By Chapin, Michele
The Christian Century , Vol. 127, No. 26
Israel. Defense Forces--Recruiting
Homosexuality--Laws, Regulations and Rules
Gay Military Personnel--Laws, Regulations and Rules
Gay Military Personnel--Recruiting
Recruiting and Enlistment--Social Aspects
Recruiting and Enlistment--Laws, Regulations and Rules
Israel, like the United States, is a largely secular society with deep religious roots. And Israel, like the U.S., is home to vocal religious conservatives who frown on homosexuality. But Israel, unlike the U.S., has allowed gays and lesbians to serve openly in the military for 17 years. In fact, they are required to do so. If Israel has found a way to allow gays in the military, can it provide lessons to the U.S. as it struggles with whether--and how--to dismantle the "don't ask/ don't tell" policy?
Perhaps. But like everything in Israel, it's a bit more complicated. And the comparison between the U.S. and Israel is inexact.
By most accounts, Israel's integration of gays into the military has succeeded, and the Israel Defense Forces (IDF) has reportedly begun to share its experiences with the U.S. military.
While the Obama administration continues to wrangle in court over a federal judge's ruling that declared "don't ask/ don't tell" unconstitutional, the Pentagon has directed military recruiters to start accepting applications from all qualified potential recruits, regardless of sexual orientation.
If the courts or Congress overturn the "don't ask/don't tell" policy, the U.S. will become the 26th nation to fully integrate gay and straight members of the military, according to the Palm Center, a think tank at the University of California Santa Barbara.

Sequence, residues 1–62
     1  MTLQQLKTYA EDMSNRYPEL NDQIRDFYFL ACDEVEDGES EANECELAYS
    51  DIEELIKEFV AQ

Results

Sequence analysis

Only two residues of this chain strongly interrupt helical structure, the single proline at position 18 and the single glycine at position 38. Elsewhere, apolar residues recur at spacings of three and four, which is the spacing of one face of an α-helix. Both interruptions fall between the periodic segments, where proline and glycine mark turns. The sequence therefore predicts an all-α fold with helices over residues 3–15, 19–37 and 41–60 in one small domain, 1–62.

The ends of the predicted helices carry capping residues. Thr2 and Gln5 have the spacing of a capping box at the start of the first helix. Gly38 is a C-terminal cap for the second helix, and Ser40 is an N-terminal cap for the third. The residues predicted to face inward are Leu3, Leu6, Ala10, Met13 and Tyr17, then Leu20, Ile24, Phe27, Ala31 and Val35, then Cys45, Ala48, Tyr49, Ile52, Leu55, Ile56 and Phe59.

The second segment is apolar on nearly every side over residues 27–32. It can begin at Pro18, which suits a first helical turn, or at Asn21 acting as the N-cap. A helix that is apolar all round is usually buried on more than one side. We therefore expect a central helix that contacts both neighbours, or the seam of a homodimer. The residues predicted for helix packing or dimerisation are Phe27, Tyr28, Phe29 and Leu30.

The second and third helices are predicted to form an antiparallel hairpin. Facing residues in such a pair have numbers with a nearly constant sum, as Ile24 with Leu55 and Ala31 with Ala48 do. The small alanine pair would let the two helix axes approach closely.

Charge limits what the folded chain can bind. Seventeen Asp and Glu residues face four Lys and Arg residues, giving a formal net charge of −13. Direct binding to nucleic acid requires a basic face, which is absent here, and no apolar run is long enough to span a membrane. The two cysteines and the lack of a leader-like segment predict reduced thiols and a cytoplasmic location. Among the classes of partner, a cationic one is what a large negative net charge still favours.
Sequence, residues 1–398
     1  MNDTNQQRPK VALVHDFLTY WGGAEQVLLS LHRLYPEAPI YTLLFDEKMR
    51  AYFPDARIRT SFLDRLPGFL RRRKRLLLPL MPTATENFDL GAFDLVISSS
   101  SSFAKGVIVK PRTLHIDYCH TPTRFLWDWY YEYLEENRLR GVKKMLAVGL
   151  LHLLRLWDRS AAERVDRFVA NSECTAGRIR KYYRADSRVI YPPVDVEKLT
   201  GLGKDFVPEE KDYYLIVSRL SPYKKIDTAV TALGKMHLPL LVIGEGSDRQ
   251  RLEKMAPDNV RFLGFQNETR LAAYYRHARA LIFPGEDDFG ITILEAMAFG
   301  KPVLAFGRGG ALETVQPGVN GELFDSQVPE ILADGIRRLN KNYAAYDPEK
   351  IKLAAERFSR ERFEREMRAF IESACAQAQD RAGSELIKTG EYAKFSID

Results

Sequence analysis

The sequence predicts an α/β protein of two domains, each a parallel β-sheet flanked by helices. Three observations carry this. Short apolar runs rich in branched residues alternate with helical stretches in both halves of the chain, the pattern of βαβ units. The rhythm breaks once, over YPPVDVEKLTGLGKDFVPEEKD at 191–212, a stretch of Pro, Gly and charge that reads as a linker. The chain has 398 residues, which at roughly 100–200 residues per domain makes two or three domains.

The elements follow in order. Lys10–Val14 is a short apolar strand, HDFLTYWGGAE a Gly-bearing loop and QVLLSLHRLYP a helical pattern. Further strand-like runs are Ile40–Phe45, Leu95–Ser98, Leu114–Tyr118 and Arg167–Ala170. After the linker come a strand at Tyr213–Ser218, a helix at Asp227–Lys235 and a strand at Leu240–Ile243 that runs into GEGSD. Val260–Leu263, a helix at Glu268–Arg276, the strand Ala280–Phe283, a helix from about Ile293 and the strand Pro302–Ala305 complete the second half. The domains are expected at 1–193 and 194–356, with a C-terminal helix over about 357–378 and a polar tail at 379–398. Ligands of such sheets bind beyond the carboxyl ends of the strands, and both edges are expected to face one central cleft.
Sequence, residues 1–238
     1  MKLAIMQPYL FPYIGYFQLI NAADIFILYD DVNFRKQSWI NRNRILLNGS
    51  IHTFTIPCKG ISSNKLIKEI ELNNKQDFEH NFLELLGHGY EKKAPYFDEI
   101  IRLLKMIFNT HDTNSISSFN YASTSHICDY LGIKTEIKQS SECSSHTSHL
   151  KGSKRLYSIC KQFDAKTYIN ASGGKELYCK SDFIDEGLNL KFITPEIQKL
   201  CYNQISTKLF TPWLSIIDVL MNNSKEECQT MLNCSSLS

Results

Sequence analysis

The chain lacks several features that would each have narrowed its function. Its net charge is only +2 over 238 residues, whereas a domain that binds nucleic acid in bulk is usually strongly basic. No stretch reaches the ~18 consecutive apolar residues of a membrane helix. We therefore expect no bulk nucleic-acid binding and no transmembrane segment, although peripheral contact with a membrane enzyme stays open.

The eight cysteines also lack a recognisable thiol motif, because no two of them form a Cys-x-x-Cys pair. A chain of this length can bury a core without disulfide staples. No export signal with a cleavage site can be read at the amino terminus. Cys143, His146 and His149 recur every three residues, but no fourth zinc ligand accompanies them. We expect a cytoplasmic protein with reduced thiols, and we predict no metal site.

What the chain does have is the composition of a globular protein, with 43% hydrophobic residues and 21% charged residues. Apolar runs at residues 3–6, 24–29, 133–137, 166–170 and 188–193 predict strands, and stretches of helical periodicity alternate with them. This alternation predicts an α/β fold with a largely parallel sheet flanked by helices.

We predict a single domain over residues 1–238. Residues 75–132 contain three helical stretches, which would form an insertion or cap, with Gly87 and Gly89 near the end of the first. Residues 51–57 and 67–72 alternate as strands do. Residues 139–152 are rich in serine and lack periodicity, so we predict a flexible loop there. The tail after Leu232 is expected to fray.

Aaron Belkin, the center's director, said full integration has been successful even in countries engaged in frequent combat, citing Israel, American's closest ally in the Middle East, as an example. "The lesson the U.S. military can learn from the Israeli military is there are no negative consequences" to inclusion, "even when the military is a battle-tested force like the IDF," Belkin said.
Drafting openly gay soldiers into the IDF and other military forces "has been highly successful and has no negative impact on morale, retention, readiness or overall combat effectiveness," according to a Palm Center report, "Gays in Foreign Militaries 2010."
Israel has reportedly offered advice to a commission on repealing the policy. Pentagon spokeswoman Cynthia Smith declined to go into detail, but hinted that at least some talks had already occurred.
Israel's transition to full integration of gays took time and planning. As a nation with mandatory military service for both men and women and a strong religious ethos that dictates almost every facet of everyday life, the Israeli government treaded carefully. …